Given a long-standing legacy of rail transport to a few suburbs it may make sense to incorporate what we already have into a multi-modal system, but putting a lot more money on the line to “benefit” from sunk costs in a system that is inferior to the alternative is not good economics.
Reducing Congestion: (2) Rebalancing Land Use
There has been much analysis, reporting, deliberating, and dithering for over decade about how much and where more employment land might go to allow investment outside the CBD and the Isthmus, to bring down the high costs of industrial land, and to facilitate business investment close to the labour force.  Action is long overdue. 
The Draft Plan falls into much the same trap as the Regional Growth Strategy did 12 years ago, doing little to reassure us that increasing the region’s employment capacity has the priority it needs.  There is passing comment about where it might happen in the Discussion Document People and Economy (p83) ,generalised commitments to development in the northwestern and southern priority areas in the Spatial Plan itself,  and continuing reference to 20 years notional industrial land supply (which we haven't had for some time now) and increasing employment densities to accommodate growth  (Draft Economic Development Strategy, p42).  But there is no discussion of how current imbalances might be acted on or how the relationship between where people might live and work will be addressed other than by building more road and rail capacity.
In any case, the 55,000-70,000 additional jobs proposed for the CBD and a commitment to triple the CBD population which appear to be the land use assumptions underlying the Business Case for the rail link will generate far more demand for travel than can ever be met by PT.  The National Transport Survey, for example, demonstrates that journeys to work accounts for well under 30% of national travel demand (at least on a time basis).
The balance includes travel for personal business, recreation and socialising, shopping, and travel in the course of work favours, all generating dispersed trips at less predictable times than commuting.  These are trips that inevitably lean on private rather than public transport.  No amount of money poured into a rail tunnel will prevent the planned level of intensification from creating a real CBD congestion problem. 
Reducing Congestion: (3) Fine Tuning the Road Network
Already initiatives are being taken that will do a lot to reduce current congestion, though.  One is the completion of the western motorway, connecting west and south Auckland directly.  And the new Victoria Park tunnel recognises that the problem is one of getting past the CBD rather than getting into it.  A further harbour crossing could eventually build much-needed redundancy into the network, reducing the disruptive potential of occasional traffic incidents (although we might question the wisdom of integrating it into the same feeder and distributor roads as the existing Harbour Bridge).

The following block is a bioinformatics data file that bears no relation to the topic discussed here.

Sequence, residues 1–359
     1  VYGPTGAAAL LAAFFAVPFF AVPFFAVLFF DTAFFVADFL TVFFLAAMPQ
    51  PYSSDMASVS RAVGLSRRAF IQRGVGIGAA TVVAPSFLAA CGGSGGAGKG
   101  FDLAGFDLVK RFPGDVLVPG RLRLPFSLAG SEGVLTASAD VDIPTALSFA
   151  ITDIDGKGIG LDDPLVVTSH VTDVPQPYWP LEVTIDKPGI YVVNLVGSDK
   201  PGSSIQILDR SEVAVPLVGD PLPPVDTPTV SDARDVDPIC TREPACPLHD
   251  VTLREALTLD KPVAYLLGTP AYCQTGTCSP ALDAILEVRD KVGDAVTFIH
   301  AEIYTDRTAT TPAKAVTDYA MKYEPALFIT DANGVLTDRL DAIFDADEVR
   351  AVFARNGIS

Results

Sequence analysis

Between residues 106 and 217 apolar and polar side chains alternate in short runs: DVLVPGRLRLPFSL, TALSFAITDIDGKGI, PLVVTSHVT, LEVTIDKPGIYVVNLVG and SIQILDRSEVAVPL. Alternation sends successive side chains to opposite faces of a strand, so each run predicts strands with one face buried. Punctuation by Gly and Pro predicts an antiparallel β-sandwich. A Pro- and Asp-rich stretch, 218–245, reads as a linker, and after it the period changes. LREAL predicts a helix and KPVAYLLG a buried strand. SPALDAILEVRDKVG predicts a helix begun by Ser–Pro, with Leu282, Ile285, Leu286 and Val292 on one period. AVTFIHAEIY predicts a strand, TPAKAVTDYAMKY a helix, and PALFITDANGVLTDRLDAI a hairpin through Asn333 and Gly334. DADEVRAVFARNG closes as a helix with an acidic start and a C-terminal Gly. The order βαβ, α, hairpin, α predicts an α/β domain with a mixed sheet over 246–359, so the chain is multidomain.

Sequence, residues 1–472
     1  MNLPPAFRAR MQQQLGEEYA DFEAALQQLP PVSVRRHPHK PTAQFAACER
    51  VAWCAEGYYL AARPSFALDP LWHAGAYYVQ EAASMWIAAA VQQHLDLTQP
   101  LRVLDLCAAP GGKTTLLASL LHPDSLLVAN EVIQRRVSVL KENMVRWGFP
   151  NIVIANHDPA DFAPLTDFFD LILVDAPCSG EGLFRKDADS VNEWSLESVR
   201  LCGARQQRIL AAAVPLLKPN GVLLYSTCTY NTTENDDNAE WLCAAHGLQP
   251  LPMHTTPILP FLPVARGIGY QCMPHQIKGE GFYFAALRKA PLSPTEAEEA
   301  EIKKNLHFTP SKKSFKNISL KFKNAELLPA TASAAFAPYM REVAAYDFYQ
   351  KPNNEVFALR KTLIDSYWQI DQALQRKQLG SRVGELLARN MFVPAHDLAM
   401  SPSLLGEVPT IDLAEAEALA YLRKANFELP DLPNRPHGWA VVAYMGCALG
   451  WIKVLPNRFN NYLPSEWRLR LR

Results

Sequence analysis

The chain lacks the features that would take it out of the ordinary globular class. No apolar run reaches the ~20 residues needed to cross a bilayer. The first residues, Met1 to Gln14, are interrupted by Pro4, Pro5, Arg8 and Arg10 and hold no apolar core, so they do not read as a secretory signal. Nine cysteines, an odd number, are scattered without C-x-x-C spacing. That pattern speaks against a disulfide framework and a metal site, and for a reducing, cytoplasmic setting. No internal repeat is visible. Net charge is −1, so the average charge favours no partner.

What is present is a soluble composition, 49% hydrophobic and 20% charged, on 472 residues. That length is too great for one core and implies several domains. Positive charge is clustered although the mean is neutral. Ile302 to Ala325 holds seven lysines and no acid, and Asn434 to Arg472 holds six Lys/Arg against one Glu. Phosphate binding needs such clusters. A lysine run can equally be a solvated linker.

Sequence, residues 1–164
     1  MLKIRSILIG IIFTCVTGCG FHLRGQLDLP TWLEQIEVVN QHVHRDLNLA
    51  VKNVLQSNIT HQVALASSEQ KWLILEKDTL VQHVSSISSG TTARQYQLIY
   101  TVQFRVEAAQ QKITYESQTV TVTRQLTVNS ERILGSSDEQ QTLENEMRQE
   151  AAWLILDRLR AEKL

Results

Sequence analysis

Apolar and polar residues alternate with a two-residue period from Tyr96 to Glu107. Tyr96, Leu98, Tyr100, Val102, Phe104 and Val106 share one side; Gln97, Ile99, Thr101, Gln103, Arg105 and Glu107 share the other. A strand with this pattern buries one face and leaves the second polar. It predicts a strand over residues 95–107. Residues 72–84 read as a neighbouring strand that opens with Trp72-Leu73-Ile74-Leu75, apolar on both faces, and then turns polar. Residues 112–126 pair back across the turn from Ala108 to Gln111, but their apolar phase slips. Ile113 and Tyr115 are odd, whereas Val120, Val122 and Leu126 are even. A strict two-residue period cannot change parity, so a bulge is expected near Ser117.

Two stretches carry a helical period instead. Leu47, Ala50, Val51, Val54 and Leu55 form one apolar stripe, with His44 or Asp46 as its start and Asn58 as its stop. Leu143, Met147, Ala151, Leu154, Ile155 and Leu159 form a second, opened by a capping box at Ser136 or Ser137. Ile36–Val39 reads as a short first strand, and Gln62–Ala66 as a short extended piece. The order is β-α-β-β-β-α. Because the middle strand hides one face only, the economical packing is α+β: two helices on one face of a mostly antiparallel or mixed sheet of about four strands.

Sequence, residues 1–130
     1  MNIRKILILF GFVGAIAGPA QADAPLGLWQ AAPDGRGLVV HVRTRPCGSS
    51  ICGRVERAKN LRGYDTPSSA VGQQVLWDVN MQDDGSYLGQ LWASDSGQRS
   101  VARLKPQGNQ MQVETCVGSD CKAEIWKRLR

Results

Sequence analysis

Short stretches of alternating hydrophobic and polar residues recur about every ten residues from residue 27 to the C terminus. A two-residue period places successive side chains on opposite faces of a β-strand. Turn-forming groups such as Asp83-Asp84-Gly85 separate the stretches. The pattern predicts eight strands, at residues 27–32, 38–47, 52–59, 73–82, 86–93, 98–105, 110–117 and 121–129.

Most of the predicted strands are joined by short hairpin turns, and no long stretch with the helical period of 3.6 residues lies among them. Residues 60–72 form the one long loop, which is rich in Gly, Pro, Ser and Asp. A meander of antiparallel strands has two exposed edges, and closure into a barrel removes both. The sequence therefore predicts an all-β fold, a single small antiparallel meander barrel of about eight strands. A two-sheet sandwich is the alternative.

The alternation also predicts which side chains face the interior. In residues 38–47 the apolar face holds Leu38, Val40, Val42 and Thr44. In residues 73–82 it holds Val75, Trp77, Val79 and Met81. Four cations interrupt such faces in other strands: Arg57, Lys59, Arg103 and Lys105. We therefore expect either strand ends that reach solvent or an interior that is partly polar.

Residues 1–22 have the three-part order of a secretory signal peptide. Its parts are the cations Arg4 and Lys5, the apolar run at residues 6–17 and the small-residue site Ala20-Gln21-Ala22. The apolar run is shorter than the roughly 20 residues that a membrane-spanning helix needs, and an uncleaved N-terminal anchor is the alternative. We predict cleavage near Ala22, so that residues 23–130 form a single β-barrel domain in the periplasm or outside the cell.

There are other initiatives that might be taken.  The motorway system itself could be reviewed to see just how far it might serve better the arterial needs of Auckland through such measures as relocating on and off ramps to cater for local and intra-city movement.
Reducing Congestion: (4) Road Pricing
The idea of tolling roads to pay for the rail link has been floated.  This acknowledges the uneconomic nature of the latter.  But the benefits to motorists of the rail link by way of lower congestion on roads are likely to be far less than implied by such a tax, if they exist at all. The suggestion does raises important constitutional issues, though, over who can levy a tax in new Zealand, and why.
If the intention is to better reflect the costs of private motoring – in other words charging users – the solution is likely to revolve more sensitive pricing of access to and use of roads than this thinking suggests.  For example, in the foreseeable future vehicle positioning and on-line user charging technologies will enable motorists to pay directly for the costs that they impose on the network.  Adopting this approach to countering congestion, rationalising the use of transport resources, and encouraging sensible land use makes more sense than taxing motorists to fund the capital for expanding the rail system. 
We also know from experience with petrol prices how responsive motorists can be to real increases in the cost of motoring.  And that as the population ages, there is a tendency to rationalise and reduce vehicle use.  Let’s work towards changes around these tendencies rather than impose an expensive and potentially unnecessary element of infrastructure on the city.
Plan for Improvement
By committing to continuous improvement in a bus-based system, completing and refining the road network, and fostering a land use pattern that better matches where people might live and work we can reduce congestion and lower the environmental costs of transport in the short to medium term.. And this will leave us well placed to take advantage of improving technology in vehicle transport (bus and car) and user charging in the medium to long term.
A high cost rail system will reduce this flexibility, and instead lock us into a set of costs and structures that will be more of burden to the city, its residents and businesses, than a benefit.  Continuing to push it at all costs could well be the game breaker for Auckland's Draft Plan.

[1]       Travel by ferry comprises only a very small share of the total and is not identified in the statistics
[2]     Comparing the sum of trips across cells compared with the overall figures provided by Statistics New Zealand suggests that this leads to between a deviation of 5% undercounting (for car based trips) and 7% undercounting (for public transport-based trips).  This is acceptable for the level of generalisation dealt with here.